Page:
SCV Water Open House

May is Water Awareness Month and SCV Water hosts an Open House celebration at their facility in Central Park. The COC Water Program participated in the fair to promote the Water Systems Technology academic programs.

NEWS RELEASE | July 26, 2017
Four Career Education Programs Shine as Strong Workforce Stars

Four College of the Canyons programs have been ranked by California Community Colleges (CCC) as Strong Workforce Stars, a new annual commendation for career education programs whose students show significant gains in social mobility and earning power.
The college’s Emergency Medical Technician, Administration of Justice, and Fire Technology programs earned a spot on the list under the Public and Protective Services sector. COC’s Water Technology program earned the college its second listing under the Agriculture, Water, and Environmental Technologies sector.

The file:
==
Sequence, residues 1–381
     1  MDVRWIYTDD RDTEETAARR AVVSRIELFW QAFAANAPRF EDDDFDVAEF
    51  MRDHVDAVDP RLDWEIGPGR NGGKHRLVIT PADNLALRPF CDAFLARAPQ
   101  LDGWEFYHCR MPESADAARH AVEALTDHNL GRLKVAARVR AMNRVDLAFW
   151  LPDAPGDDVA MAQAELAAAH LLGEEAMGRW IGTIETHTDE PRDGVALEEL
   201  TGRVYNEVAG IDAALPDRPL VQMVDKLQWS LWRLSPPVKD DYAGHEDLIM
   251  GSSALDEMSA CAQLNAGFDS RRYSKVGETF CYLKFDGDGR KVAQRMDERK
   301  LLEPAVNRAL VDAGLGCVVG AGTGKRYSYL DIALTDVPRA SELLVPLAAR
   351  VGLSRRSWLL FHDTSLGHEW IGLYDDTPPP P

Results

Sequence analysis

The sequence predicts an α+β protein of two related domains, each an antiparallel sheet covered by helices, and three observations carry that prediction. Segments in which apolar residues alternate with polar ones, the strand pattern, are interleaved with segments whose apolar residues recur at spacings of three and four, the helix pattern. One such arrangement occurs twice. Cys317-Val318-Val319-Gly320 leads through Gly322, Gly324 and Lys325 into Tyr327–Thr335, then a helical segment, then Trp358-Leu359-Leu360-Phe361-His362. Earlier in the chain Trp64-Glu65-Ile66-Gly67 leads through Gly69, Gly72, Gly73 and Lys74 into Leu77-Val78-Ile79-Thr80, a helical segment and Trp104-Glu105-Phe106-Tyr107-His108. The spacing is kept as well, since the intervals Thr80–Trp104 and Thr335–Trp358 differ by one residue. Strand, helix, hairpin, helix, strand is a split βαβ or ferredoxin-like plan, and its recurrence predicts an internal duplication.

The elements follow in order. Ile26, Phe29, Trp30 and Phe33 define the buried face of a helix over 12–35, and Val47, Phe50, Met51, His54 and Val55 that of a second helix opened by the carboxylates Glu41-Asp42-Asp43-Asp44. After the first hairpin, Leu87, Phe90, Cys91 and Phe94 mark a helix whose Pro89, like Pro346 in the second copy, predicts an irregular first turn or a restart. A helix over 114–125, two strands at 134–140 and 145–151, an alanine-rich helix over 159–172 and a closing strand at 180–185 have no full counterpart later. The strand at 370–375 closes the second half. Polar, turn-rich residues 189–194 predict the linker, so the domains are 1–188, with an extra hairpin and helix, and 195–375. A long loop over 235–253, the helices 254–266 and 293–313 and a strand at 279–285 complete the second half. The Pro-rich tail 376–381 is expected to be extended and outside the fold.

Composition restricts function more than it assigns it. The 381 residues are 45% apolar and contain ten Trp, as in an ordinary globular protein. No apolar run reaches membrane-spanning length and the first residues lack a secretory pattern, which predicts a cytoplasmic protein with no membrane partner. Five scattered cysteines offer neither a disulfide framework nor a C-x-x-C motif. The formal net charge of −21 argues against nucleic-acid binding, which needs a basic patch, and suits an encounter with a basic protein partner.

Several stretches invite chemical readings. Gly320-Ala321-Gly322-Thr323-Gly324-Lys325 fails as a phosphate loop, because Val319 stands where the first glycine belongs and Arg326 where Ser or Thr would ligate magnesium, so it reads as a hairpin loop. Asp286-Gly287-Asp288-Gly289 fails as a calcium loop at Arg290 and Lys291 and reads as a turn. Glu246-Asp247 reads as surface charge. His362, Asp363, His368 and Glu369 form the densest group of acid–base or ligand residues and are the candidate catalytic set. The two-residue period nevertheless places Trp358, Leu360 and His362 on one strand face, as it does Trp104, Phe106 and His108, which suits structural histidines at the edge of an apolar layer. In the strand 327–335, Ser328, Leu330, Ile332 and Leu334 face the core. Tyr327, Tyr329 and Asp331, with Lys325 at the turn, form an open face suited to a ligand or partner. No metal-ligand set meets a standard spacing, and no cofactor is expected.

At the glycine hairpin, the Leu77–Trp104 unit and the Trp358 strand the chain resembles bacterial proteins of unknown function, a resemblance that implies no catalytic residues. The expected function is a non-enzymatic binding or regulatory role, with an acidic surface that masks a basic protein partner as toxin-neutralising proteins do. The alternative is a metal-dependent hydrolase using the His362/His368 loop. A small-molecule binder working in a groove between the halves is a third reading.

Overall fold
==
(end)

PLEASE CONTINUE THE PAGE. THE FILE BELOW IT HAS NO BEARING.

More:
Out of the 114 colleges in the CCC system, only 65 colleges made the list, which included more than 100 career education programs.

“It is an incredible honor to have four of our career education programs ranked as Strong Workforce Stars by California Community Colleges,” Chancellor Dr. Dianne G. Van Hook said. “Career education is a cornerstone of our curriculum and we are committed to continue helping our students attain the skills they need to work in high-demand fields and support local companies to grow their businesses by providing the state-of-the-art training that a strong workforce needs.”